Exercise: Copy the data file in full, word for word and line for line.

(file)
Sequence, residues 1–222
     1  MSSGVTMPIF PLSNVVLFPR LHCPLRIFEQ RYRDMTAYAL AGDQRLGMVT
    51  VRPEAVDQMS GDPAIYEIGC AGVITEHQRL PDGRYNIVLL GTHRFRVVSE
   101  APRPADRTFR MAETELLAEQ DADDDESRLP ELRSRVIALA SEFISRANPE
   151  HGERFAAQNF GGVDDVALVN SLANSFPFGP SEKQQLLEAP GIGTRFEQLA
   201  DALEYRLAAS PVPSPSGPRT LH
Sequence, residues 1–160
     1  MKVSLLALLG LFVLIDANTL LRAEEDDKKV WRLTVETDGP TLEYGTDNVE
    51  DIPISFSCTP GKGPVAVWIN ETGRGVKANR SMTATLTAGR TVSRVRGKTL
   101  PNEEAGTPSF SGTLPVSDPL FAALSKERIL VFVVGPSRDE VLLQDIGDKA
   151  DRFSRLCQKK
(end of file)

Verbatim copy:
Sequence, residues 1–222
     1  MSSGVTMPIF PLSNVVLFPR LHCPLRIFEQ RYRDMTAYAL AGDQRLGMVT
    51  VRPEAVDQMS GDPAIYEIGC AGVITEHQRL PDGRYNIVLL GTHRFRVVSE
   101  APRPADRTFR MAETELLAEQ DADDDESRLP ELRSRVIALA SEFISRANPE
   151  HGERFAAQNF GGVDDVALVN SLANSFPFGP SEKQQLLEAP GIGTRFEQLA
   201  DALEYRLAAS PVPSPSGPRT LH
Sequence, residues 1–160
     1  MKVSLLALLG LFVLIDANTL LRAEEDDKKV WRLTVETDGP TLEYGTDNVE
    51  DIPISFSCTP GKGPVAVWIN ETGRGVKANR SMTATLTAGR TVSRVRGKTL
   101  PNEEAGTPSF SGTLPVSDPL FAALSKERIL VFVVGPSRDE VLLQDIGDKA
   151  DRFSRLCQKK